[Image: 13ModifiedEDIDCheck2.jpg]

Copy the new modified EDID.bin file over to the ConfigFiles folder on your OpenELEC install and reboot.

Now my audio settings show up as the correct amp and my HD audio bitstreaming has returned. Happy days!

[Image: 1Onkyo-With-HTX22HDX-EDID.jpg]
[Image: 4Onkyo-DTSHDMA.jpg]
[Image: 3Onkyo-DolbyTrueHD.jpg]

This problem has driven me crazy for a few months now so I hope that this post will help you out of you are experiencing similar problems and save you some time.

I have put the programs used, photos and guides into a RAR file which you can download from here.
Password: openelecedid

Issues Still unknown:
1) Is the EDID info being reported incorrectly by the amp or being read incorrectly by the XBMC AudioEngine.
2) What happened after ION64 build 2.99.2 that causes the AudioEngine to no longer recognise the Rear Left Center Rear Right Center channels in the EDID.


[Fixed] HD Audio - My Guide to EDID Editing - GrimGriefer - 07-30-2013

So the guide above is obviously working for the nVidia ION2 chipset, but I 'm trying now to figure out how to get it to work on an Intel Ivybridge Core i3 3225 with the Intel build of OpenELEC. Obviously the same applies as above insofar as all HD audio works on the old HTX22HD but not on the newer HDX22HDX.

So far I have run an SSH session to the box and the command killall Xorg, then Xorg -configure and finally cp /storage/xorg.conf.new /storage/.config/xorg.conf.

When I open the new xorg.conf file in Notepad++ it looks like this:

Code:
Section "ServerLayout"
Identifier "X.org Configured"
Screen 0 "Screen0" 0 0
InputDevice "Mouse0" "CorePointer"
InputDevice "Keyboard0" "CoreKeyboard"
EndSection

Section "Files"
ModulePath "/usr/lib/xorg/modules"
FontPath "/usr/share/fonts/misc"
FontPath "built-ins"
EndSection

Section "Module"
Load "dbe"
Load "dri"
Load "dri2"
Load "extmod"
Load "glx"
Load "glx_mesa"
Load "record"
EndSection

Section "InputDevice"
Identifier "Keyboard0"
Driver "kbd"
EndSection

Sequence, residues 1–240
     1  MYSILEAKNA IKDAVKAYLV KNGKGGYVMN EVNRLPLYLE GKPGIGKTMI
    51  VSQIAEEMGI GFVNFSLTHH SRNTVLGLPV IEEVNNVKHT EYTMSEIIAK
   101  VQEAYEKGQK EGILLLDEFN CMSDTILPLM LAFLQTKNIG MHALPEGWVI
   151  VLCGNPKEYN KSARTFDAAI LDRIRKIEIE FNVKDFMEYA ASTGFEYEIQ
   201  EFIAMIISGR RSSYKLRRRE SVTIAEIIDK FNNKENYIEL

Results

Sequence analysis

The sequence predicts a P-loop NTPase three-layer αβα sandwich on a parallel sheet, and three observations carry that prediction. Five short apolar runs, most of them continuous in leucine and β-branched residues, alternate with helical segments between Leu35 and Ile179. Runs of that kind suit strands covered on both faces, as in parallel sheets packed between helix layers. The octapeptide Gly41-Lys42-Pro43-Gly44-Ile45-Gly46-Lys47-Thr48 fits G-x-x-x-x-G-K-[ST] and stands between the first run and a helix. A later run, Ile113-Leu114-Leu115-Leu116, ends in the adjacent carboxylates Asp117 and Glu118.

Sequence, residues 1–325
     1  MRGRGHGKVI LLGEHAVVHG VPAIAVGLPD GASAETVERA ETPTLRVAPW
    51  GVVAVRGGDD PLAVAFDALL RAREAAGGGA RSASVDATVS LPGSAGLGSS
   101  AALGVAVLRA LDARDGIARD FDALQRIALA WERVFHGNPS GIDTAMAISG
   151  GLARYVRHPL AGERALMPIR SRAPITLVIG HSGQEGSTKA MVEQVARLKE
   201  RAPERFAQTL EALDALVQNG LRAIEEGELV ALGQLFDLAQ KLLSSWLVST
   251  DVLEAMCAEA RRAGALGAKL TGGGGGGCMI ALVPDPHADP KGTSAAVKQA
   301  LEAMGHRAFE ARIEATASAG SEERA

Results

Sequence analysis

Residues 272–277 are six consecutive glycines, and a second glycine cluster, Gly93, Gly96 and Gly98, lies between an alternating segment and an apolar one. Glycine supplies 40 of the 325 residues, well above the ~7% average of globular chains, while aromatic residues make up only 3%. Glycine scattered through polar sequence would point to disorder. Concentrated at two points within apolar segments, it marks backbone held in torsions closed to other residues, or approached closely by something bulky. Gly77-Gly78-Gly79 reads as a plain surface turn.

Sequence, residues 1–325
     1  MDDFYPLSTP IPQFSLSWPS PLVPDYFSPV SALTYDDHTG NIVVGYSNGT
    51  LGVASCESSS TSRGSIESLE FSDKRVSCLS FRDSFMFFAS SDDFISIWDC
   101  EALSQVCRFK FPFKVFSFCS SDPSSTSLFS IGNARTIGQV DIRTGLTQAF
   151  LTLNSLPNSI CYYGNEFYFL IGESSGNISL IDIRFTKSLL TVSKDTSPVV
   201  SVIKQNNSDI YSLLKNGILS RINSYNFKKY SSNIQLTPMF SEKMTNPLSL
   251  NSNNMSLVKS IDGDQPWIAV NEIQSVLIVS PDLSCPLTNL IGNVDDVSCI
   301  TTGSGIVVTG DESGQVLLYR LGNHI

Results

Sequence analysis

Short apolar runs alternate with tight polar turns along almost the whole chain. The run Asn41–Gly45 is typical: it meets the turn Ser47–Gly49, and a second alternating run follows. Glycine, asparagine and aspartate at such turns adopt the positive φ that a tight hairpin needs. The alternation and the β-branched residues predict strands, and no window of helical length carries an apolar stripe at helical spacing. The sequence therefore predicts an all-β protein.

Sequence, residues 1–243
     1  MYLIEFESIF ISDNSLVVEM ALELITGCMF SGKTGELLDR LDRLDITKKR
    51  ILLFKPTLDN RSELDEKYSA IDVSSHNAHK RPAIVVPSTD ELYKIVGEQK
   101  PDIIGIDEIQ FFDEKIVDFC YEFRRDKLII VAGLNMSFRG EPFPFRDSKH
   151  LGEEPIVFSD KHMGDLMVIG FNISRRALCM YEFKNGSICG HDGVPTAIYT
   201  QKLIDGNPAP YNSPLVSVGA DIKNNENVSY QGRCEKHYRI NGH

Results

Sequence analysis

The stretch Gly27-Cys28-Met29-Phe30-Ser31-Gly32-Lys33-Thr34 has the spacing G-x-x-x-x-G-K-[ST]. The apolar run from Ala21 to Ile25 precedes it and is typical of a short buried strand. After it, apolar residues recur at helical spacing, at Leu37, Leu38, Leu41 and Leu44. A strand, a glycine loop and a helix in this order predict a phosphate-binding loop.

Section "InputDevice"
Identifier "Mouse0"
Driver "mouse"
Option "Protocol" "auto"
Option "Device" "/dev/input/mice"
Option "ZAxisMapping" "4 5 6 7"
EndSection

Section "Monitor"
Identifier "Monitor0"
VendorName "Monitor Vendor"
ModelName "Monitor Model"
EndSection

Section "Device"
### Available Driver options are:-
### Values: <i>: integer, <f>: float, <bool>: "True"/"False",
### <string>: "String", <freq>: "<f> Hz/kHz/MHz",
### <percent>: "<f>%"
### [arg]: arg optional
#Option "NoAccel" # [<bool>]
#Option "AccelMethod" # <str>
#Option "Backlight" # <str>
#Option "DRI" # <str>
#Option "ColorKey" # <i>
#Option "VideoKey" # <i>
#Option "Tiling" # [<bool>]
#Option "LinearFramebuffer" # [<bool>]
#Option "SwapbuffersWait" # [<bool>]
#Option "TripleBuffer" # [<bool>]
#Option "XvPreferOverlay" # [<bool>]
#Option "HotPlug" # [<bool>]
#Option "RelaxedFencing" # [<bool>]
#Option "ZaphodHeads" # <str>
#Option "TearFree" # [<bool>]
#Option "PerCrtcPixmaps" # [<bool>]
#Option "FallbackDebug" # [<bool>]
#Option "DebugFlushBatches" # [<bool>]
#Option "DebugFlushCaches" # [<bool>]
#Option "DebugWait" # [<bool>]
#Option "BufferCache" # [<bool>]
Identifier "Card0"
Driver "intel"
BusID "PCI:0:2:0"
EndSection

Section "Screen"
Identifier "Screen0"
Device "Card0"
Monitor "Monitor0"
SubSection "Display"
Viewport 0 0
Depth 1
EndSubSection
SubSection "Display"
Viewport 0 0
Depth 4
EndSubSection
SubSection "Display"
Viewport 0 0
Depth 8
EndSubSection
SubSection "Display"
Viewport 0 0
Depth 15
EndSubSection
SubSection "Display"
Viewport 0 0
Depth 16
EndSubSection
SubSection "Display"
Viewport 0 0
Depth 24
EndSubSection
EndSection

I've been trying different commands to point to a custom EDID.bin file but unfortunately none are working. The OpenELEC wiki doesn't mention anywhere this might be possible and I'm a bit concerned to read this post (even though its from 2010) about Intel not supporting custom EDID's.

Can any devs comment on the ability of using custom EDID's in an Intel environment?


[Fixed] HD Audio - My Guide to EDID Editing - escalade - 07-30-2013

It's certainly possible to use a custom EDID in an Intel environment, but you'll need KMS. Haven't used OpenELEC in a while and not with Intel so I don't know if it's enabled there. You could build yourself and enable it though, although it might require some work getting it into the initrd.

EDID can be read from /sys/class/drm/card0-HDMI-A-1/edid and then you can boot with something like "drm_kms_helper.edid_firmware=HDMI-A-1:edid/ed
id.bin video=HDMI-A-1:1920x1080@60e" as options to the kernel. When Xorg queries for the EDID, the kernel will return your custom one.

I'm doing this successfully with Arch Linux, but haven't got bitstreaming to work. My next step is to edit the EDID as described above, guessing that will fix it.


[Fixed] HD Audio - My Guide to EDID Editing - chewitt - 07-31-2013

The major revolution in Eden was that AudioEngine stopped blindly trusting filesystem config files and started evaluating how hardware was presented in the OS so that autoconfiguration worked properly. I'd wager an educated guess that after 2.99.2 the XBMC devs fixed bugs so AudioEngine correctly detects the incorrect/bad EDID and configures itself appropriately - over time we have seen many AVR's and TV's with bad EDID and while current AE is not perfect it's stable and rarely to blame for this kind of thing.